In this way, it’s not like a traditional painting process at all. There’s no brush involved, no mixing of paint colors on the surface of the painting. I specifically avoid overlapping any color with another color to prevent interference. The colors can touch each other, but not overlap, so there’s no color mixing, which would reduce the brilliance of some of the pigments.
Each shape, as I design it, will have three or more tonalities on it. This idea of isometric perspective and the light falling on the shape gives me these three different tones, and those are generally tints of the original pigment.
M6 – acrylic on PVC, 48×48 inches, 2013
One of the things I discovered over time is that for me, making compositional decisions during the painting process hinders my outcome, and making all my compositional decisions beforehand in the digital space allows me to then focus on the manufacturing process, so that the image comes out the way I want it to.
MKJ: What if there’s an error during the manufacture of an 8′ x 8′ painting? Are there any changes during the painting process, or would this be cause to discard a piece and start over?
AD: Sometimes, obviously, when you make something you have a mistake, and I have ways of fixing things. When I make an error, it doesn’t change the course of the image. I am not making spur-of-the-moment decisions. Decisions made during the painting process are entirely color decisions, not compositional. When I make the drawing there are general ideas about color; what color is going to go where. Generally. But specific color is not decided until I mix the pigment. I have systems that I use in order to make this work. An order of events has to be followed.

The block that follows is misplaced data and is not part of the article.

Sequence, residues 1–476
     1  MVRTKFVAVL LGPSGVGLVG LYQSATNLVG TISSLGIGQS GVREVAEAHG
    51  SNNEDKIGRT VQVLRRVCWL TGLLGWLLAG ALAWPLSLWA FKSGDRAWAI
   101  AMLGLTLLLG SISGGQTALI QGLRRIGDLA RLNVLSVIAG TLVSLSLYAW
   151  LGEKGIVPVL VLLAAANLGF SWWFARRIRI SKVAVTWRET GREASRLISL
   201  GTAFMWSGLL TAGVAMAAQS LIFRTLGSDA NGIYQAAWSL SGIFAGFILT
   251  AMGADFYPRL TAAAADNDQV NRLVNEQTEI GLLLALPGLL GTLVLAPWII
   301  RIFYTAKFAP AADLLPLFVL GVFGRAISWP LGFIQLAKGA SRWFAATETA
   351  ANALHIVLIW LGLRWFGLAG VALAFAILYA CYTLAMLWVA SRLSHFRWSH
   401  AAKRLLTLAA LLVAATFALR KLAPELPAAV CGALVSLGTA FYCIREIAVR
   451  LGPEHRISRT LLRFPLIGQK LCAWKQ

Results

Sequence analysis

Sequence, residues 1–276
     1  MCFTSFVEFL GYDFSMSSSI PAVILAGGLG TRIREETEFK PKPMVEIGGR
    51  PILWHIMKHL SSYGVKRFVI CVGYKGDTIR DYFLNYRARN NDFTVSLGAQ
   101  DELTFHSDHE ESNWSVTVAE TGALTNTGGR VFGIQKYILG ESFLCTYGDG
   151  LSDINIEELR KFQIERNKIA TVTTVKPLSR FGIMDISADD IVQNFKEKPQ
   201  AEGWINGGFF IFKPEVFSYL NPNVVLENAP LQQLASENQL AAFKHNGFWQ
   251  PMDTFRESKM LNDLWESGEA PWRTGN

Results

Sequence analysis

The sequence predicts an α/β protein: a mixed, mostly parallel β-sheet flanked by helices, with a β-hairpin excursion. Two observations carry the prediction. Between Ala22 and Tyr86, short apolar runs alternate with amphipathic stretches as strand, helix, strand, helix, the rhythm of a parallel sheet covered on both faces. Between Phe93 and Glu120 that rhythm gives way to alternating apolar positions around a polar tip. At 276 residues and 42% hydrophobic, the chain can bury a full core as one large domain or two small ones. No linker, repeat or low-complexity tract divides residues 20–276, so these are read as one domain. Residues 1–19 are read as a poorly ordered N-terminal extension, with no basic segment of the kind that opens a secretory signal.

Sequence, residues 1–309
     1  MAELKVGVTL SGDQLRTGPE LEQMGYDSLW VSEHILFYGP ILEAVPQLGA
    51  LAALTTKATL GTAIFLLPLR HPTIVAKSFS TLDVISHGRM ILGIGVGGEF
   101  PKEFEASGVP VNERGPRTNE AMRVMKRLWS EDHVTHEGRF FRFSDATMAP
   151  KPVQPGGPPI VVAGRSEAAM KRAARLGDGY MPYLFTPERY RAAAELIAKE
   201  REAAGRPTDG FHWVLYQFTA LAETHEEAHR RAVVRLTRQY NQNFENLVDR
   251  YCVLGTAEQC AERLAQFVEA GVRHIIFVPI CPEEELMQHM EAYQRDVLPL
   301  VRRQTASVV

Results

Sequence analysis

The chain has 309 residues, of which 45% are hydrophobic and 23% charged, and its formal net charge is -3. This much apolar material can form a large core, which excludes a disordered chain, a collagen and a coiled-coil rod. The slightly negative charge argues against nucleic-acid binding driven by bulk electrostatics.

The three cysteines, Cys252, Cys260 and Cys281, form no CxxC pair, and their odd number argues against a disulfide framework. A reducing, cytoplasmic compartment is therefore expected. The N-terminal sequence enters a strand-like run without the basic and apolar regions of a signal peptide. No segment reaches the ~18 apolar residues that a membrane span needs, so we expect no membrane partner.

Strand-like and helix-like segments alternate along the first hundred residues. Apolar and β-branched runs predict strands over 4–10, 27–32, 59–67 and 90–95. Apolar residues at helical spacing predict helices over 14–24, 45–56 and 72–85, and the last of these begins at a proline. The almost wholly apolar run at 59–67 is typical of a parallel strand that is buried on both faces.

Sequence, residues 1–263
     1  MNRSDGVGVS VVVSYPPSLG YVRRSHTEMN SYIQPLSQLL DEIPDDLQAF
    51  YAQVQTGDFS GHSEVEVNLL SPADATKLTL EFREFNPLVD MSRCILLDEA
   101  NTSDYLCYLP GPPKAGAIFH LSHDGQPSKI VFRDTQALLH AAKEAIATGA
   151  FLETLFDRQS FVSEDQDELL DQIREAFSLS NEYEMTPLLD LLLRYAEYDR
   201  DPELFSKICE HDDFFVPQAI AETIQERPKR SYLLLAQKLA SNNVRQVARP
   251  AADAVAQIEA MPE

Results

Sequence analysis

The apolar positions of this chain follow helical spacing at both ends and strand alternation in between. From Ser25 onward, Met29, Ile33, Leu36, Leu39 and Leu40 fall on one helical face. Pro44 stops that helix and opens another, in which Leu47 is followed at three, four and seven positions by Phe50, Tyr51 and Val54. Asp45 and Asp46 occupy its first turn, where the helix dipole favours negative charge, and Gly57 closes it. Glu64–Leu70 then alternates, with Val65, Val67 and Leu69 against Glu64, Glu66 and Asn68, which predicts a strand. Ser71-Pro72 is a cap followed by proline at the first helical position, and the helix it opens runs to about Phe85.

MKJ: You’ve called it “methodical, intentional, mechanical.”
AD: And frequently when people see the paintings, they think that the paint is actually pieces of vinyl (or some other material) that have been cut out with a knife and put down. Although taping off a shape and painting it a color is not a new idea and in many ways is not a very interesting idea, these particular materials and this particular way of applying it does leave some doubt as to the manufacturing process.
MKJ: Yes, doubt… or intrigue!
AD: Right. And in all of my works, in the black and white works as well, I’m interested in a piece that is ambiguous as to its manufacture. In many ways, this is not a painting process. I’ve found that one of the hardest things as a painter, and one of the things that painters do most is make decisions during the painting process. I find that having to make technical, material, compositional and color decisions all at the same time is problematic for me. And that I always inevitably end up building systems for myself.